17. I.C. EBAY v. MERCHEXCHANGE MAJORITY OPINION: Neither court below applied the test properly: Fed Cir.: did not apply test Dist. Ct.: Concluded broadly that “willingness to license” + “lack of commercial activity” = no irreparable harm No categorical rule, principles of equity apply

  18. I.C. EBAY v. MERCHEXCHANGE OPINION FOR COURT: Neither court below applied the test properly: Fed Cir.: did not apply test Dist. Ct.: Concluded broadly that “willingness to license” + “lack of commercial activity” = no irreparable harm No categorical rule, principles of equity apply

  19. I.C. EBAY v. MERCHEXCHANGE ROBERTS CONCURRENCE (SCALIA, GINSBURG): • Historical practice granted injunctions in vast majority of patent cases • No general rule favoring injunctions • BUT when it comes to discretion pursuant to four-factor test “a page of history is worth a volume of logic”

  20. I.C. EBAY v. MERCHEXCHANGE KENNEDY CONCURRENCE (STEVENS, BREYERE, SOUTER): • Earlier pattern of injunctions in patent cases simply illustrates the results of the four-factor tests in historical contexts • In many cases current patents present different considerations, e.g. firms primarily licensing patents; patented invention small component of enjoined product; some potentially vague and suspect business method patents • Equitable discretion suited to allow district courts to adapt to rapid technological and legal developments

  21. I.C. EBAY v. MERCHEXCHANGE LOOSE ENDS/WHAT’S NEXT? • REMAND: No opinion as of 8/21 • Cases following the Supreme Ct opinion: • z4 Technologies v. Microsoft (E.D. Tex.): denying permanent injunction - no presumption of irreparable harm - no product, no irreparable - money damages sufficient - balance of hardships favors M’soft - potential negative effects of depriving public of Office weigh slightly in favor of M’Soft

  22. I.C. EBAY v. MERCHEXCHANGE • Abbott Labs v. Andrx Pharms. (Fed. Cir.): reversing grant of preliminary injunction - No likelihood of success when there is invalidity defense “that patentee cannot prove lacks substantial merit” - “No longer” presumption of irreparable harm w/o likelihood of success - “absent any other relevant concerns” “the public interest is best served by enforcing patents that are likely valid and infringed” - (Aside): relation of “undue experimentation” to obviousness? Newman Dissent: • Majority failed to defer to District Court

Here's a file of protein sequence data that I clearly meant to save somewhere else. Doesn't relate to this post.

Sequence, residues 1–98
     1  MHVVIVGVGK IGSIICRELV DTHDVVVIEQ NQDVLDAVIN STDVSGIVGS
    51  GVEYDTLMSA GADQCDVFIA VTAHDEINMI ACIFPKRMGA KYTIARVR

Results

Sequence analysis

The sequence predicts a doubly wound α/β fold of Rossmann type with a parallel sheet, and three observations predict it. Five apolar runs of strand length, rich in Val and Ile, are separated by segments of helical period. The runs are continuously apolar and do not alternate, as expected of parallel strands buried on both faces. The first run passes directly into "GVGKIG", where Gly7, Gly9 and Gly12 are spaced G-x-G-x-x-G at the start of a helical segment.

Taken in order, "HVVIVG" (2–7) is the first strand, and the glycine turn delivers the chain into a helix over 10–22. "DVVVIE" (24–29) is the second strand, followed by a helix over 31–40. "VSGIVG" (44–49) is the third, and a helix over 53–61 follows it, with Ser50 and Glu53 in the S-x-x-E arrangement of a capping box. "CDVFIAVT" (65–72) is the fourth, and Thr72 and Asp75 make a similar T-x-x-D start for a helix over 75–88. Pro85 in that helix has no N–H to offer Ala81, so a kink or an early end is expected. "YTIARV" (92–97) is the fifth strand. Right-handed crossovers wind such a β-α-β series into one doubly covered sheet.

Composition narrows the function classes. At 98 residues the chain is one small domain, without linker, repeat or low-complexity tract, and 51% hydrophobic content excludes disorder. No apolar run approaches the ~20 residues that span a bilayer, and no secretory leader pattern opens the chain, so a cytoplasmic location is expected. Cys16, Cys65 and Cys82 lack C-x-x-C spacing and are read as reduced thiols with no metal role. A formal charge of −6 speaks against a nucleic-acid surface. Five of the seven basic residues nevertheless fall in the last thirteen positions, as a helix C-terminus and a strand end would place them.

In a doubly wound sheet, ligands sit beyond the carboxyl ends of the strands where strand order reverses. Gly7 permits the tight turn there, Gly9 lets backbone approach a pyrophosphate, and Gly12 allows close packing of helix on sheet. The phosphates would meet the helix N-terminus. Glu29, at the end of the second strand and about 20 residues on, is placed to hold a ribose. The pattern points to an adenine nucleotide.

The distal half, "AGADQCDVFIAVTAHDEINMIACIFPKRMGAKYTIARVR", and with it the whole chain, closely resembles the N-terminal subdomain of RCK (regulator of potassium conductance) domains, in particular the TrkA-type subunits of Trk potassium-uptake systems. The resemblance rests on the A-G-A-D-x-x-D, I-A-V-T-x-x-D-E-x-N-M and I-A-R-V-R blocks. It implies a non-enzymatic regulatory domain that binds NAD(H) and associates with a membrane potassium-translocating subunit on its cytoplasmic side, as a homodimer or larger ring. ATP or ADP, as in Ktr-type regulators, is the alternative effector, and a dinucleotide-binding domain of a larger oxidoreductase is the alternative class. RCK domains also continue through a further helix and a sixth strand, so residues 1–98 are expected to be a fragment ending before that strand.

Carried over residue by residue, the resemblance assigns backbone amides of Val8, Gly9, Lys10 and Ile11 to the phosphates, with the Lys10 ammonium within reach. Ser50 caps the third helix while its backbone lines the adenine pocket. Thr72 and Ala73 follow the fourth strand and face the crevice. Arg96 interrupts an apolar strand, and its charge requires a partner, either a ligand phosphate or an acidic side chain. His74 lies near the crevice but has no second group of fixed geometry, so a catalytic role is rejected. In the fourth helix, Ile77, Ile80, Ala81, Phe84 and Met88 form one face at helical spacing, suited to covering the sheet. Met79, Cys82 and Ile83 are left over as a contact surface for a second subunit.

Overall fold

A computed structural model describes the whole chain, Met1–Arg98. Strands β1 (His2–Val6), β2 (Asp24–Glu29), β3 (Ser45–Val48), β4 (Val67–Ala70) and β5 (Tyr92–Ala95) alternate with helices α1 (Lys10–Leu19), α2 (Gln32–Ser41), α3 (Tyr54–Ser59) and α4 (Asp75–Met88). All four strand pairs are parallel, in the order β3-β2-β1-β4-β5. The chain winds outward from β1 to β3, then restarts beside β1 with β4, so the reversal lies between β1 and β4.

23. I.C. EBAY v. MERCHEXCHANGE • Christiana Inds. v. Empire Electronics (E.D. Mich.) - Denying motion to reconsider preliminary injunction - EBay did not invalidate a presumption (rebuttable) of irreparable harm from patent infringement

  24. I.D. LABCORP v. METABOLITE ISSUE: Patentable Subject Matter Patentability of a process using prior art medical diagnostic tests plus a step of “correlating” the results with a particular condition

  25. I.D. LABCORP v. METABOLITE FACTS: - Patent claims process for diagnosing B vitamin deficiencies • Researchers found correlation between blood levels of homocysteine and vitamin deficiency • Developed and patented new tests for homocysteine • Also claimed “A method for detecting a [vitamin] deficiency . . . Comprising . . . Assaying . . . For a elevated level of total homocysteine and correlating an elevated level . . . With a [vitamin] deficiency . . .

  26. I.D. LABCORP v. METABOLITE PROCEDURAL BACKGROUND • Patentable subject matter issue under § 101 not considered by the Federal Circuit • Cert granted to consider: Whether a method patent . . . directing a party simply to ‘correlate’ test results can validly claim a monopoly over a basic scientific relationship . . . such that any doctor necessarily infringes the patent merely by thinking about the relationship after looking at a test result

  27. I.D. LABCORP v. METABOLITE SUPREME COURT OPINION: OUTCOME: Writ DIG after extensive briefing and argument BREYER DISSENT (STEVENS AND SOUTER): • Reads like a draft majority opinion • Reason for excluding laws of nature is that too much patent protection can impede progress, rule reflects “basic judgment that protection in such cases, despite its potentially positive incentive effects, would too often severely interfere with, or discourage development and the further spread of useful knowledge itself.”

  28. I.D. LABCORP v. METABOLITE BREYER DISSENT (STEVENS AND SOUTER): • Difficult to define unpatentable subject matter but this case “not at the boundary” • Physical transformation during the test does not matter because the claim does not require that the test involve a physical transformation • State Street Bank test “useful, concrete, and tangible result” has never been adopted by S Ct and “if taken literally the statement would cover instances where this Court has held the contrary” • “The process is no more than an instruction to read some numbers in light of medical knowledge” - natural phenomenon

  29. I.D. LABCORP v. METABOLITE BREYER DISSENT (STEVENS AND SOUTER): • Case should be decided at this point: - LabCorp argued the “essence” of its claim below (despite not referring to § 101) - Though no Federal Circuit opinion, numerous briefs, Gov’t brief, oral argument provide comprehensive record - Public interest would be served by answering this question